It was the Marvel Illuminati who formed the plan to jettison a wild Hulk into outer space (and faced the consequences in part in the events of World War Hulk, when Bruce/Hulk returned to Earth), and Tony Stark first floated his plans for what would become Civil War’s Superhuman Registration Act to the council before it was eventually enacted. The Illuminati attempted to assist Reed Richards in gathering the six Infinity Gems in order to erase them out of existence, and when that plan failed, each member was assigned to safeguard one of the relics from being stolen.
Perhaps the most intriguing plotline for the Illuminati is also one with significant implications for the MCU’s current multiversal trend: In 2012, Jonathan Hickman’s run on New Avengers was the first time that the Illuminati became the main team of a Marvel comics series—now with Black Panther and Hank McCoy/Beast replacing Professor X as a precursor to the Marvel continuity. T’Challa made an offer to the Illuminati that would place the entire multiverse in peril. Realities were colliding with each other, wiping themselves out, and it wouldn’t be long before their own Earth was destroyed in an Incursion event.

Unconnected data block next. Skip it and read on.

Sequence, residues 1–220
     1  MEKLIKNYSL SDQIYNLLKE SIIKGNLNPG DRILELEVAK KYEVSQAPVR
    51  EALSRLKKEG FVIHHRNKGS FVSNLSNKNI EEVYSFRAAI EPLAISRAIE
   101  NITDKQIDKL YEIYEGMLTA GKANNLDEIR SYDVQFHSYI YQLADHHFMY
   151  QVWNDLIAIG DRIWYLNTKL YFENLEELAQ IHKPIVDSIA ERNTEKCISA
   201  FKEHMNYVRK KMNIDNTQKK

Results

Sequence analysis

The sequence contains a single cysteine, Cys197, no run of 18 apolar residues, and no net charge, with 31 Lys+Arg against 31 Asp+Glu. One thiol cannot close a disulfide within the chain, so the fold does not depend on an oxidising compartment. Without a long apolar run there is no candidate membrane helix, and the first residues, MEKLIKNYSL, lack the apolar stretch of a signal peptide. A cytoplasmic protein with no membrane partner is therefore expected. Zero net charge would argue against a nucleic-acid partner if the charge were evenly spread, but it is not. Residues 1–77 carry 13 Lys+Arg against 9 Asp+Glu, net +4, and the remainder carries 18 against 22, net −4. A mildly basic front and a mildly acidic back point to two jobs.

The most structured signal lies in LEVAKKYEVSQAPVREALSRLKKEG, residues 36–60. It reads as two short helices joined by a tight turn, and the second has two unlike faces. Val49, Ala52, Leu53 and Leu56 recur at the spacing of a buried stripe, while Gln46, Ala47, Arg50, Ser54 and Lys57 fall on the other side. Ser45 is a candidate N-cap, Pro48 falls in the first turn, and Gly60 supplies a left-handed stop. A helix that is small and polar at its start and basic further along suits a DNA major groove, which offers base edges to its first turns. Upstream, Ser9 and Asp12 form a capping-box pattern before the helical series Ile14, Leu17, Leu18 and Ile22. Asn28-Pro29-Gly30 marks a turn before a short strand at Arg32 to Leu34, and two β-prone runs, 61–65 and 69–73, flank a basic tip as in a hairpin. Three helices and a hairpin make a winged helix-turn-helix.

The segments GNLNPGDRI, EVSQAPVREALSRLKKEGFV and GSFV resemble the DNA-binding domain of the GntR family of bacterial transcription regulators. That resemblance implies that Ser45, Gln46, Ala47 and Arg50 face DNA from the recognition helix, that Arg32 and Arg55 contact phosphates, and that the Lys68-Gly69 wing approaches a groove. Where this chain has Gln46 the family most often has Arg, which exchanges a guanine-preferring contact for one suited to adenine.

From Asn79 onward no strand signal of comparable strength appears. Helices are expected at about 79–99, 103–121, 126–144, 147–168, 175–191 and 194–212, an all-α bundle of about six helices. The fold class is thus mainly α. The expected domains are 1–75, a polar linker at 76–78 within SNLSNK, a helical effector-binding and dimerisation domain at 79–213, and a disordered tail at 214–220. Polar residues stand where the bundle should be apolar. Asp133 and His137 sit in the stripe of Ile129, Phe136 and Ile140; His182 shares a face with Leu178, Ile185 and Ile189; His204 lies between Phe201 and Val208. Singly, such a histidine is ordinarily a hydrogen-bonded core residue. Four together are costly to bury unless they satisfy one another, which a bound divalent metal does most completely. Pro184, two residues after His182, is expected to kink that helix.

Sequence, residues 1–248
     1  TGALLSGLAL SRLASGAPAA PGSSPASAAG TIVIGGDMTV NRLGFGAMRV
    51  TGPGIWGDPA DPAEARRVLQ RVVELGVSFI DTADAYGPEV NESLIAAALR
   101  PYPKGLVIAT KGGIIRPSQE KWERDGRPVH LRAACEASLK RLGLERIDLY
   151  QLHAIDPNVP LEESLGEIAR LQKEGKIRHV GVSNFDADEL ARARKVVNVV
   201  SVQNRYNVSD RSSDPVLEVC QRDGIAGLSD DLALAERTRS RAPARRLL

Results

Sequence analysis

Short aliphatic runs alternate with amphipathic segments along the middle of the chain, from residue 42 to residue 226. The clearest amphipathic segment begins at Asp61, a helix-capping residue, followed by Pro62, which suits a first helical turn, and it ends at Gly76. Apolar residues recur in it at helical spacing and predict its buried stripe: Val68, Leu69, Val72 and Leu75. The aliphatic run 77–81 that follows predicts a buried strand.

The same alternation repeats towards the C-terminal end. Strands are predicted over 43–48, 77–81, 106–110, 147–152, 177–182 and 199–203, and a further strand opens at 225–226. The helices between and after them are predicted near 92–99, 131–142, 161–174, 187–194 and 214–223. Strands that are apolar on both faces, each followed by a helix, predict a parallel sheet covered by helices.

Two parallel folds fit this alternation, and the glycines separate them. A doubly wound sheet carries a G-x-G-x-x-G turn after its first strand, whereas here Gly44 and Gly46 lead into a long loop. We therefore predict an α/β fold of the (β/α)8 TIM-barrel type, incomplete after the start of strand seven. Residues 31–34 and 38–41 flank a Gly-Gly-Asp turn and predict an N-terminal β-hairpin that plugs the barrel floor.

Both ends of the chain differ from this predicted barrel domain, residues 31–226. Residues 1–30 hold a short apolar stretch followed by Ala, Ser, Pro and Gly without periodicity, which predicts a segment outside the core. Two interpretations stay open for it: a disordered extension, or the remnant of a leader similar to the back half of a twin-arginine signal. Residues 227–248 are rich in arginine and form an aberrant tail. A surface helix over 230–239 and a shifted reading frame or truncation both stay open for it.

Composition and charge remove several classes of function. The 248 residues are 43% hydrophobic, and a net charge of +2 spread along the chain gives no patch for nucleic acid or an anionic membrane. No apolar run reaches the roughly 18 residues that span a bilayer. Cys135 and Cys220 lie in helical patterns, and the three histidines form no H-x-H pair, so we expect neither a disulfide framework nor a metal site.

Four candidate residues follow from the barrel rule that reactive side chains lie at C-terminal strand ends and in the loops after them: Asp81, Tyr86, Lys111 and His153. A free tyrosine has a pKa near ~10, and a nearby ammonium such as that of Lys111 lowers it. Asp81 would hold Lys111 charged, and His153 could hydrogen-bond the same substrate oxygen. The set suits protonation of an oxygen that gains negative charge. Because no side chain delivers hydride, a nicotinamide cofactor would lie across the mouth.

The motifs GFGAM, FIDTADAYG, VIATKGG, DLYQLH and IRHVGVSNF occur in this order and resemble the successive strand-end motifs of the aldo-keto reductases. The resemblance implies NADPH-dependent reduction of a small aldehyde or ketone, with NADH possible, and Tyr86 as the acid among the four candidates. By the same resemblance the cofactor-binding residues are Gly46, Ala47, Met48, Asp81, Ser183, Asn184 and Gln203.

The Illuminati initially wanted to protect Earth by recruiting Steve Rogers to use the reassembled Infinity Gauntlet to repel an impending Incursion but the Time Gem was destroyed in the process. Steve Rogers went “What the hell” about the whole endeavor of destroying entire worlds to save their own, only to have his mind wiped by a spell from Dr. Strange.
As the Incursion threat grew worse, the Illuminati splintered. Namor got ousted from the group for using an antimatter weapon to wipe out one reality when Black Panther refused to, eventually attempting to be a double agent with his own Incursion-preventing group of villains, the Cabal. After Steve’s memory of his brief involvement with the Marvel Illuminati was restored during the course of Original Sin, the Avengers tracked down the remaining members.